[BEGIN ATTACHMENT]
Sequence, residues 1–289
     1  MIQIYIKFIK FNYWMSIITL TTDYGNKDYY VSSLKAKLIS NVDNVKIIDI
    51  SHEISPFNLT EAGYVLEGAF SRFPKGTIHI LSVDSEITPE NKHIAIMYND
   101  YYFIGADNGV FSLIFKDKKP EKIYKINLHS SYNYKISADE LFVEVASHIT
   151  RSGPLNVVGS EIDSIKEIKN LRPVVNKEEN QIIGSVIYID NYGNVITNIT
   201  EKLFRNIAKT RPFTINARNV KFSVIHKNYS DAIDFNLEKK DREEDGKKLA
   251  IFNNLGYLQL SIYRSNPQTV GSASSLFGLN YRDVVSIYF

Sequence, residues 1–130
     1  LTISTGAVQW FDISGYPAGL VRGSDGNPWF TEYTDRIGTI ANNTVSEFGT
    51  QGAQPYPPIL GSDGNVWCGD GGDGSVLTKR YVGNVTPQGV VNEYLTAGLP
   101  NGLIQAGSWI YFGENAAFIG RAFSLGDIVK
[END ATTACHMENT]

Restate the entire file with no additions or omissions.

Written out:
Sequence, residues 1–289
     1  MIQIYIKFIK FNYWMSIITL TTDYGNKDYY VSSLKAKLIS NVDNVKIIDI
    51  SHEISPFNLT EAGYVLEGAF SRFPKGTIHI LSVDSEITPE NKHIAIMYND
   101  YYFIGADNGV FSLIFKDKKP EKIYKINLHS SYNYKISADE LFVEVASHIT
   151  RSGPLNVVGS EIDSIKEIKN LRPVVNKEEN QIIGSVIYID NYGNVITNIT
   201  EKLFRNIAKT RPFTINARNV KFSVIHKNYS DAIDFNLEKK DREEDGKKLA
   251  IFNNLGYLQL SIYRSNPQTV GSASSLFGLN YRDVVSIYF

Sequence, residues 1–130
     1  LTISTGAVQW FDISGYPAGL VRGSDGNPWF TEYTDRIGTI ANNTVSEFGT
    51  QGAQPYPPIL GSDGNVWCGD GGDGSVLTKR YVGNVTPQGV VNEYLTAGLP
   101  NGLIQAGSWI YFGENAAFIG RAFSLGDIVK